Make sure your decisions lead to actions

This brief post on the Speed Limit for Change caught my eye. Not for the concept, which I think is silly on an individual level but possibly sensible from an organizational behavior perspective as an empirical observation.

It reminded me of one of the best bits from Al Dunlap’s Mean Business (aff. link) (before he embarrassed himself at Sunbeam) was when he was reviewing a restructuring plan and pushed the team to make all the job cuts at once, “this quarter,” rather than dragging things out. His rationale was that it was better for the company, and even better for the workers as a whole, if the situation moved from old to new as soon as possible. The people left behind would know that they weren’t still at risk next month and could get back to work, and the people leaving wouldn’t be put through the emotional ringer for months before having to look for new jobs. (My recollection is bad on whether he planned t0, and actually did or didn’t, use some of the savings from a faster plan to juice the separation packages.)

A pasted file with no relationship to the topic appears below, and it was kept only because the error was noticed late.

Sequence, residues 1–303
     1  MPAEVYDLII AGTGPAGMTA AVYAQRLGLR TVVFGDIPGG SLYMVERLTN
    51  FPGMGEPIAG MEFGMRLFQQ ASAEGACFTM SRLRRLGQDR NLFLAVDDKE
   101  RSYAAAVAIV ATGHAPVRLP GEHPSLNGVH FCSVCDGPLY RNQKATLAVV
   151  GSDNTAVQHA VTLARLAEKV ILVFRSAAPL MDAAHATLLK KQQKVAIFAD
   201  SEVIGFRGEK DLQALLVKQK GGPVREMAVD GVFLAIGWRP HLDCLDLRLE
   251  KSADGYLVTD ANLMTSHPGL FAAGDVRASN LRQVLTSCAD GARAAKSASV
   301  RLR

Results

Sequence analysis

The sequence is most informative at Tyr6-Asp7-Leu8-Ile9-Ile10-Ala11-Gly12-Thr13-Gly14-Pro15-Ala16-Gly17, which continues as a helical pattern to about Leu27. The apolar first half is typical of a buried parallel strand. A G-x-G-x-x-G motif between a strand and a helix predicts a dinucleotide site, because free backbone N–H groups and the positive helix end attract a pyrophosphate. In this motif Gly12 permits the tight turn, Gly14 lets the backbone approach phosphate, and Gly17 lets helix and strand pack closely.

I agree with Margaret: good change should start now. In the Army, that was the second part of being decisive: once your decision is made, you put it into action right away. No sense fooling around (or even worse, rethinking it!).

1 Comment

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